209 – Local government and humour – sometimes you just have to laugh.

Posted by Whistler                                                                                               400 words

Geelong Mayor

Image – The Geelong Advertiser, 2 April 2016.

There have been a number of humorous posts in the life of Local Government Utopia. And sometimes you do just have to laugh. Humour is often used in a uniquely Australian way to make a point. Often the point is quite serious, a I think it usually is in the case of local government.

For example, whilst the Mayor of Geelong, Darryn Lyons (aka ‘Daz’), parades as a figure of fun, the Council he leads is far from funny. If media reports are accurate, it is about to be sacked for bullying, poor leadership, and a general lack of competence. You could be forgiven for thinking that it was a mistimed April Fools’ day joke.  Many of his constituents think he is marvellous.  Some find this surprising but I think it goes to a fundamental and unfortunate truth about how local government is viewed by many in the community

A colleague related a story to me about the Mayor of Geelong.   Continue reading

203 – ‘Systems Thinking for Social Change’ by David Peter Stroh.

Posted by Colin Weatherby                                                                                                         950 words

systems thinking for social chnage

The subtitle of this book says it all – ‘A Practical Guide to Solving Complex Problems, Avoiding Unintended Consequences, and Achieving Lasting Results’.   Every so often you pick up a book and it provides answers to problems that you and thousands of others grapple with every day. This is one of those books.   David Stroh co-founded ‘Innovation Associates’ with Peter Senge, who later wrote the management classic ‘The Fifth Discipline’. Both are proponents of systems thinking. The premise of this book is that ‘applying systems thinking principles and tools enables you to achieve better results with fewer resources in more lasting ways’. Wow.

Stroh uses detailed, real-world examples to make his case. His ‘systems stories’ explain how people can improve performance by shifting from just trying to optimise their part of the system, to improving the relationships between all parts of the system.   The systems stories start with seeing the big picture.

It is often the case in local government that people focus mainly on their functional responsibilities and either fail to see connections to the work of others, or they are not interested. Life is simpler when achievable goals can be set and complexity is overlooked. Putting the effort in to understanding the whole system is seldom rewarded. Local government is epitomised by sayings like ‘keep it simple’, ‘look for quick wins’, and ‘pick the low hanging fruit’.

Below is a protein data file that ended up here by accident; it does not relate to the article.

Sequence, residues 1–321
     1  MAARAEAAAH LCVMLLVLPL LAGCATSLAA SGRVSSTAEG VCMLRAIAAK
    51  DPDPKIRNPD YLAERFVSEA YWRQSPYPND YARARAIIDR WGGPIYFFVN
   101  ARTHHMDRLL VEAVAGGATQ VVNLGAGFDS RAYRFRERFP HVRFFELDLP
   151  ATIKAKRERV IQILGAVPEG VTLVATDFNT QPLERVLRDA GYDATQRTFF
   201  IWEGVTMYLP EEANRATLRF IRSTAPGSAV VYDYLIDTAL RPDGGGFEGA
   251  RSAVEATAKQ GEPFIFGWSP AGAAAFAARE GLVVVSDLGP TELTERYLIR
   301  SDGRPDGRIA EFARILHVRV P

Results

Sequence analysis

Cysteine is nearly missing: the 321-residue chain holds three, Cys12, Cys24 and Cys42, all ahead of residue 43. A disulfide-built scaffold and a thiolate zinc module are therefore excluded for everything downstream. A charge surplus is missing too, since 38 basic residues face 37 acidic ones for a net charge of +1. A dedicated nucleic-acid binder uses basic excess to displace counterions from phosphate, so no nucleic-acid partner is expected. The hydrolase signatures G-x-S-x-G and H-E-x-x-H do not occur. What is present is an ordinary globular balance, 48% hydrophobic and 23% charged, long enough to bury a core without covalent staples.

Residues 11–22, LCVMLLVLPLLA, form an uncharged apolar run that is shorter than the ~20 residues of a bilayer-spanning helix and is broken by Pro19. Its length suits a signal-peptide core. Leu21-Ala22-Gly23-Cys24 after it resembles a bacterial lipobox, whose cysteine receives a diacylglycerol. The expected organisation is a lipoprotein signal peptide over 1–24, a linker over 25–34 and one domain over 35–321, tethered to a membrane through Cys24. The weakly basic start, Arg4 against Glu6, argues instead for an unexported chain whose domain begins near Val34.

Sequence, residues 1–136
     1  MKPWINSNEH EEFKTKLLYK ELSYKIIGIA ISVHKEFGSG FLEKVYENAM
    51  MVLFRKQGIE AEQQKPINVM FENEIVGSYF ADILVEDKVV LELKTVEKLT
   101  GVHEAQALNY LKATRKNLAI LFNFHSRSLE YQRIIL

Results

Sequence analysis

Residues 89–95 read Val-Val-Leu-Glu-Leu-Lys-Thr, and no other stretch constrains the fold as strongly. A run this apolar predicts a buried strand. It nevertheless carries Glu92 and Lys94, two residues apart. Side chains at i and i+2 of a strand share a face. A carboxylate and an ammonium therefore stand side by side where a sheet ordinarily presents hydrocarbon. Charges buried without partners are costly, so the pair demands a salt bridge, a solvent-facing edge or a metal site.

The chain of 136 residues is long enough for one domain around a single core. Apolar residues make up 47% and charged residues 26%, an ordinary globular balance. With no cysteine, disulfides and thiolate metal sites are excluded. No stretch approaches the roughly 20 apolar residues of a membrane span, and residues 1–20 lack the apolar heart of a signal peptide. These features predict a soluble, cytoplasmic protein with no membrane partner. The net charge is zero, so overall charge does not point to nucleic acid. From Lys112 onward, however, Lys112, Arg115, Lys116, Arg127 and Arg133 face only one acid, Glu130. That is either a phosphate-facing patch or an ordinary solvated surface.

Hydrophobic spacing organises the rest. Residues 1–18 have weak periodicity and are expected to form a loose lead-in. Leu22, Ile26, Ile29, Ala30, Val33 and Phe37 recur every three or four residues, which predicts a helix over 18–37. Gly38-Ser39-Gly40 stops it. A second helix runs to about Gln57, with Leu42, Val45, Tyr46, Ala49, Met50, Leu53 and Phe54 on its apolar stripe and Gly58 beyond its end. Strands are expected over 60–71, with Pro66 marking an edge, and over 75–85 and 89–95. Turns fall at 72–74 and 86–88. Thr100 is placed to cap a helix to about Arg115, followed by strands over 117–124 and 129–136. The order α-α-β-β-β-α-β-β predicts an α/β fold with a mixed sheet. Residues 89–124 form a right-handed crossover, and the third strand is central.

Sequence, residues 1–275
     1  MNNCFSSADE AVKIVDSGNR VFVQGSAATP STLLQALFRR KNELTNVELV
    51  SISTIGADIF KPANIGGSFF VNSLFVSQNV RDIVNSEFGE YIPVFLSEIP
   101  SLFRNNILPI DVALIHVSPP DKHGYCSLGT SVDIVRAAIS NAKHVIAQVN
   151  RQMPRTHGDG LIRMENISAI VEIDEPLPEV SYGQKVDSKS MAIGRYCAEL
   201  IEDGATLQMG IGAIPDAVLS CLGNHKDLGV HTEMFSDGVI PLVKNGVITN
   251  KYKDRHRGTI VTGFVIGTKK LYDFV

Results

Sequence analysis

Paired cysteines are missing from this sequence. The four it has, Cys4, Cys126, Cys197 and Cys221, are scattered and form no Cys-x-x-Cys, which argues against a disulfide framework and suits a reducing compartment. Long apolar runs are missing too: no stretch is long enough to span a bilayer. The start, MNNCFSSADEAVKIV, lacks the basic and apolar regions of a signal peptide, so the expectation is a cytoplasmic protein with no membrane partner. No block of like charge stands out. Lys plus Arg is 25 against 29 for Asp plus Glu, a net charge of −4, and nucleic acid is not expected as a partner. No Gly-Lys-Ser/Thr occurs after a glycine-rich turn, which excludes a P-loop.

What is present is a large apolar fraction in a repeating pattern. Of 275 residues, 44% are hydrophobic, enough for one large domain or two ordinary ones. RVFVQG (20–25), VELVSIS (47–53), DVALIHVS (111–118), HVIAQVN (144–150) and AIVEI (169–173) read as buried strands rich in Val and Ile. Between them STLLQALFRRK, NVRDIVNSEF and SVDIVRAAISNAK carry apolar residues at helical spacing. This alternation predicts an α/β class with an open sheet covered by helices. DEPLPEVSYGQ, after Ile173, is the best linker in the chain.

In contrast, Stroh uses the ancient Indian story of the blind men and the elephant to illustrate the importance of the big picture. Continue reading

198 – Essay No. 5 – Local government and leadership.

Posted by Colin Weatherby                                                                         1300 words

Mark H Moore strategic triangle

Mark H. Moore’s ‘strategic triangle’ – the basis for value-led public sector management

I have been thinking about leadership a lot recently. It has been a recurring theme in posts on this site. Reading Jeffrey Pfeffer’s book has challenged my thinking about how leaders work and what motivates them. It has reinforced some of my scepticism about leaders and why they do what they do. I tend to agree with Peter Drucker’s questioning of the distinction between leadership and management. Ultimately, organisations, particularly in the public sector, have to be managed. The idea that somehow managers aren’t leaders or that leaders aren’t managing doesn’t make sense.

Having said that, I can think of organisational leaders I have known who couldn’t manage. At some point they just ticked the leadership box and assumed the position! Pfeffer explains how and why everyone then goes along with it. Once you are a leader it seems you can get to stay there without any real scrutiny and accountability for your performance. That has definitely been my experience in local government.

I keep imagining myself working in an organisation with an effective leader who manages the organisation for high performance (not career advancement). One that provides clear strategy, direction and goals.  One who coordinates effort to  across the organisation to achieve those goals. In particular, I have been thinking about how they could do that in local government. Continue reading

196 – Making local government organisations simpler to manage – why is it necessary?

Posted by Colin Weatherby                                                                         1700 word

complexity knotted rope

I was at a meeting recently where the team charged with conducting an organisational self assessment (OSA) and preparing an organisational improvement plan (OIP) using the Australian Business Excellence Framework were evaluating progress. It was an interesting meeting of a diverse group of people. By the end of the meeting we had reached a common conclusion – a council organisation is complex and systems need to be disentangled and simplified so that it can be managed effectively.